A Star Wars diorama!
Things you can do instead of grading #139:
A meme of a Star Wars diorama
Things you can do instead of grading #140:
Blog about your meme of a Star Wars diorama…
A Star Wars diorama!
A meme of a Star Wars diorama
Blog about your meme of a Star Wars diorama…
So this morning I went for a run, and this is how it went:
So here’s a challenge for you: can you guess which of these events happened in “real” reality, and which were “augmented”? (You can check your guesses at the end of this post.)
I have no ties with the producers of this app, but I think it deserves a shoutout for the good of all of those who, like me, do enjoy running once you’re there, but have the hardest time actually getting there. (Seriously, I could run a half-marathon in the time it takes me to convince myself to get out the door. That is, if I could actually run a half-marathon.)
So let me tell you how it works, and why I think it’s awesome. Now, if you already plan to try it out, you shouldn’t continue reading. There are some mild spoilers ahead, and it’s much more fun to find out by yourself. But if you are curious and want more information, then by all means…
Zombies, Run! immerses you in a zombie apocalypse adventure. While you run (actually run, like, with your feet, not with a gamepad), you listen to a story develop, with various characters talking to you, asking you to do specific tasks, warning you about a swarm of zombies right at your heels, and overall motivating you into running further, either because you hear the zombies approaching, or because you want to know how the story continues. (The app tracks your progress via GPS, and gives you a snippet of the story at a time).
The app is a breeze to install. It asks you to sign up, but then it only asks for an e-mail and a password, no other personal info required (that in itself made me start liking it). It’s basically free, though they’ll probably convince me to buy some add-ons at some point (I’ll get to that).
I found the controls are very simple (and I’m the guy who gets confused by Instagram). The first time you open it, it’ll ask you if you want to listen to your music while you run. You can choose not to, or use the music in your phone, or you can tell it you’ll use a third-party app (I tried it with Pandora). If you do the latter, you’ll need to open that app and get it going, and then press start on Zombies, Run! Zombies lowers the volume of the music whenever something is about to happen.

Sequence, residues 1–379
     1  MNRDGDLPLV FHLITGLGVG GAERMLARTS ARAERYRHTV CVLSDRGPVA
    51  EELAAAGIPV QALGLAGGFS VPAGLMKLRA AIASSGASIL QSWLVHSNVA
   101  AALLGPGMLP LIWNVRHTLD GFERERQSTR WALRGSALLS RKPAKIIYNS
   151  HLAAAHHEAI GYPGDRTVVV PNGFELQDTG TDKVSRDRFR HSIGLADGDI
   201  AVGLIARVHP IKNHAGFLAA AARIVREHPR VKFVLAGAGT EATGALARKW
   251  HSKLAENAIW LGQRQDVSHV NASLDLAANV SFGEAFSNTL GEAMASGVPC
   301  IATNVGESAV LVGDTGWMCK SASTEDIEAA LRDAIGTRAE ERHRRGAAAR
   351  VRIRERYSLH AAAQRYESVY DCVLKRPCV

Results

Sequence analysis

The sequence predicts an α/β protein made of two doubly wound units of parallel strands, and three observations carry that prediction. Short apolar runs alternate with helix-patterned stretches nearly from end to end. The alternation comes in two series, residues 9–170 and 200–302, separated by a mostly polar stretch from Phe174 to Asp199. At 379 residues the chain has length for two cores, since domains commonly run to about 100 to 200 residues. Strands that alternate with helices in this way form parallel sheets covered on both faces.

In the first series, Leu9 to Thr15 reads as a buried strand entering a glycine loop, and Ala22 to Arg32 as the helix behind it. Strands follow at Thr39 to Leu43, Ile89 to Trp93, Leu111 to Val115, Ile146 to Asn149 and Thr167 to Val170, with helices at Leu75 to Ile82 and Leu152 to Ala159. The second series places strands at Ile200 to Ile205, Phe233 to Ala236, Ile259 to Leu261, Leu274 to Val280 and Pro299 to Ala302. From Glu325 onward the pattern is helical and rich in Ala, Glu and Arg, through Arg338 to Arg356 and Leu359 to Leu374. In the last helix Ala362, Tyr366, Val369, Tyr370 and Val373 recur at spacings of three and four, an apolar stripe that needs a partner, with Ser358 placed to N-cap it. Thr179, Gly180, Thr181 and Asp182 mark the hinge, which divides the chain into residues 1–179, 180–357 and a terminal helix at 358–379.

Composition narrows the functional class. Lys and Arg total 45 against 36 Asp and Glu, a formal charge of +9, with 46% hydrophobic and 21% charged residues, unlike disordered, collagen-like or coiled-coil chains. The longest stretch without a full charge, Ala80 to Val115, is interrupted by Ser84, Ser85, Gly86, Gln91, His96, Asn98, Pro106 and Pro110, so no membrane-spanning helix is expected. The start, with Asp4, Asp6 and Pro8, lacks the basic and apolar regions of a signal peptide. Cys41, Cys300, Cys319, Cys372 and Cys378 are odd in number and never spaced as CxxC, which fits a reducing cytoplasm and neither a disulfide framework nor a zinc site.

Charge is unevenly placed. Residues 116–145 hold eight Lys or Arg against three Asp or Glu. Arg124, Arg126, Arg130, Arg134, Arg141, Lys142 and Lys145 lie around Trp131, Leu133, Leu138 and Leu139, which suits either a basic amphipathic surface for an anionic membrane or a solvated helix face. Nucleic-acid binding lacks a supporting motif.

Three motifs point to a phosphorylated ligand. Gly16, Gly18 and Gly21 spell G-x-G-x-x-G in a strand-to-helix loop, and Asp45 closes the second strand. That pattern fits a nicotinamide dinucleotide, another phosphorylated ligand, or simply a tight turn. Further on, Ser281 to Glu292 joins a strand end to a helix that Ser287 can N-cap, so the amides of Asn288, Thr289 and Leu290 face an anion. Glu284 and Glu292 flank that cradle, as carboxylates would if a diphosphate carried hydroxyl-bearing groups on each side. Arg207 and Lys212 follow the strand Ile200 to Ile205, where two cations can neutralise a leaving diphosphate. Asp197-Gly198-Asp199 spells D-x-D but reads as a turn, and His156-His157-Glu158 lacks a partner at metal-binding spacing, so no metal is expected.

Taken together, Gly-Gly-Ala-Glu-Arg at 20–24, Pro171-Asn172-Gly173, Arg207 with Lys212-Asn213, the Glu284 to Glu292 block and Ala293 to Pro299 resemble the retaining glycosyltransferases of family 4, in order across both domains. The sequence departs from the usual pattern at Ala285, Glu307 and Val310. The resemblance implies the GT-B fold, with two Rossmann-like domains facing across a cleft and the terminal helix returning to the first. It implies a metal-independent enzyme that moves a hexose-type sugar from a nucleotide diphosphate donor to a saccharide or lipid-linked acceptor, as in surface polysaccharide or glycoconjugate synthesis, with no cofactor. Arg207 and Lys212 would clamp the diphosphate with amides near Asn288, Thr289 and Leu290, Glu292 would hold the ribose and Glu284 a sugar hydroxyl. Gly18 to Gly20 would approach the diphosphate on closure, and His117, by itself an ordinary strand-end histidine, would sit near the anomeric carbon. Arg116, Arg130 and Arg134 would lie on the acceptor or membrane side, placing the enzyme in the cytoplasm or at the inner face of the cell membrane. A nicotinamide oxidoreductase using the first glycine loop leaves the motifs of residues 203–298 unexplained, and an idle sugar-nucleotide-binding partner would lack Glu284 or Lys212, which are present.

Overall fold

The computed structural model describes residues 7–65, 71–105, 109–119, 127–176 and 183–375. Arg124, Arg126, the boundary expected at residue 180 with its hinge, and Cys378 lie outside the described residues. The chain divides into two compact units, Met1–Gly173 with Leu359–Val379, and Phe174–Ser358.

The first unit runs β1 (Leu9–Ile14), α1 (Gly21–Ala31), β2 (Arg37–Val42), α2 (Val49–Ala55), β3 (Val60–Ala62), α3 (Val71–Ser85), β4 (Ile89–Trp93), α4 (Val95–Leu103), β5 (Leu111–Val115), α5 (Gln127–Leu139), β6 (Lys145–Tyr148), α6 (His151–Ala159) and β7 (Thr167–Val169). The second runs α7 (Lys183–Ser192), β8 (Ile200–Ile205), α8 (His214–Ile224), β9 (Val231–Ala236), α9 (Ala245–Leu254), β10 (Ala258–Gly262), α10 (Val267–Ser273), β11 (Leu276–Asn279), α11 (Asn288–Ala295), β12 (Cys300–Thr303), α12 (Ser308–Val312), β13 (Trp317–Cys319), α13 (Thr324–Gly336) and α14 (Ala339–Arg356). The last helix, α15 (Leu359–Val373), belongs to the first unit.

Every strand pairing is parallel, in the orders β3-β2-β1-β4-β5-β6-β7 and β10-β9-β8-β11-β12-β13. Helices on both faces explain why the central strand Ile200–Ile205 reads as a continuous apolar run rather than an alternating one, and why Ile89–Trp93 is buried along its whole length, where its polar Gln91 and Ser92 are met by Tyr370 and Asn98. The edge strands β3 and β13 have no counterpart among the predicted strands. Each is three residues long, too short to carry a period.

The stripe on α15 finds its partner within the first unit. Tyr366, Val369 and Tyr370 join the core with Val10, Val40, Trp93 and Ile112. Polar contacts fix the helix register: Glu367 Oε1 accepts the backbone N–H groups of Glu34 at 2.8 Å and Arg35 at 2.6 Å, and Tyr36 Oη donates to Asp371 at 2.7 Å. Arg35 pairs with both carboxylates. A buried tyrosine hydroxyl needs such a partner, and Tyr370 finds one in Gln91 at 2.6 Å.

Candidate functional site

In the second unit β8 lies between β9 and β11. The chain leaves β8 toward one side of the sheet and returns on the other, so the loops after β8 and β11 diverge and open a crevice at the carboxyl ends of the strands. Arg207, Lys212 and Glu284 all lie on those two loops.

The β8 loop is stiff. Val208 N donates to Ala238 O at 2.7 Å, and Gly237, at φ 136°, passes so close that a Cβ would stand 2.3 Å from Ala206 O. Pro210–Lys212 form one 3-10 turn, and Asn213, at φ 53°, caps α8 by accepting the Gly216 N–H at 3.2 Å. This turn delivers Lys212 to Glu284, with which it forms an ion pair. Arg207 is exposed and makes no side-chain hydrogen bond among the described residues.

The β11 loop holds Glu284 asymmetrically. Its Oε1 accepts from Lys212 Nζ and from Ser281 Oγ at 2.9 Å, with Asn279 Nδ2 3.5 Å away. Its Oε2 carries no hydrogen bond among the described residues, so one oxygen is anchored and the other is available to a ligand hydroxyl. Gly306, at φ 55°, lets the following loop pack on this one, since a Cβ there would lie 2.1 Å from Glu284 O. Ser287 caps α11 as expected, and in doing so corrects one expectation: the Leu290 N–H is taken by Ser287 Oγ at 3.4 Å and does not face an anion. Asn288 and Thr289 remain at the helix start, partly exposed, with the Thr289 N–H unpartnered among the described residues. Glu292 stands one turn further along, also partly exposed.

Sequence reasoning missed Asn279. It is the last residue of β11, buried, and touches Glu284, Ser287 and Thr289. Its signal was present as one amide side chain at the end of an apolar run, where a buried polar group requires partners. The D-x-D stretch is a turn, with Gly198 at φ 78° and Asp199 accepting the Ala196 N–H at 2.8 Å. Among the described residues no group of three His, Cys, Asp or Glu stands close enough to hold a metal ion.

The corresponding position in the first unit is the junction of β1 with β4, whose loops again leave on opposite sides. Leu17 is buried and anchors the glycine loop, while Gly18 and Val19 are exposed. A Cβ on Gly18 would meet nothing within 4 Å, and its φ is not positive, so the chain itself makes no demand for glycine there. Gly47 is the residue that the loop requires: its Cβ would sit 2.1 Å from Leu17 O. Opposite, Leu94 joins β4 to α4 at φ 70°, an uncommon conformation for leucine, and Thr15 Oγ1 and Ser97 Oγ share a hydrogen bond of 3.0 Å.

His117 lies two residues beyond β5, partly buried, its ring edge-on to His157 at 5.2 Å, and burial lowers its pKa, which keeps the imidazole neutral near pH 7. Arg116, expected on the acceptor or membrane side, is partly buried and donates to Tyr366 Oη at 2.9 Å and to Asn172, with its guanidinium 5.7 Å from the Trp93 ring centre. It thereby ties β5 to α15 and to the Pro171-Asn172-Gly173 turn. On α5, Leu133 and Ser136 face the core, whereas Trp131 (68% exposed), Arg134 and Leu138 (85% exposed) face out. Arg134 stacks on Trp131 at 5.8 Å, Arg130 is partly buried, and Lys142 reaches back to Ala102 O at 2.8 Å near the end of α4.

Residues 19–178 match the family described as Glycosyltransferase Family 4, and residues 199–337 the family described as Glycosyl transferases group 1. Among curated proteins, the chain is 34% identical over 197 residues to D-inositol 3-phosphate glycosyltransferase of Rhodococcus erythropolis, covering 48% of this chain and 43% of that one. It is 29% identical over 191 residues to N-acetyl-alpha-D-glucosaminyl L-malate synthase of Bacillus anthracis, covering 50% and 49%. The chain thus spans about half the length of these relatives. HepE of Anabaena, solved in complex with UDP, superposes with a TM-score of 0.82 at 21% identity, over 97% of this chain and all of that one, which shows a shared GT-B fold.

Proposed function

That’s nearly all the preparation you need, but you can also choose how long you want your run to be, how you want the distance tracked, and whether you want to add “chases,” moments in which you need to pick up speed. I chose 5k for a start, and used GPS.
And the fun starts right away. You are in a helicopter, and then you are on the ground, running to get away from a small army of zombies. The story is not told to you, but performed, with various characters encouraging you to survive, and asking you to do certain tasks. As far as I know, your character never talks. It’s a bit like playing Half Life in your head while running, but without a gun. Or a crowbar. Or everyone you meet telling you you’re the best thing that happened in their life. No, I’m guessing some of these characters would happily let you die if you don’t run fast enough.
To be clear, you are not asked, at any point, to change your route. You can run on a track, or a treadmill. Nor do you need to hit a specific speed – you can probably use this while walking, though I can’t imagine it would be as much fun. The detours – there are many, and they get scary when you’re getting tired – all happen in your imagination.
As you cover fractions of your total distance, two things happen: you “pick up” (that is, a voice tells you that you have) supplies that can be later used in a “build your base” minigame (got to do something with those collectibles…), and more importantly, a new segment of the narrative develops. If you chose “chases,” you may get a warning that zombies are closing in, and will have to pick a speed for a few seconds, and they start growling in your ears! If you fail, you lose some of your supplies (I don’t think you actually die). In-between, you listen to your music.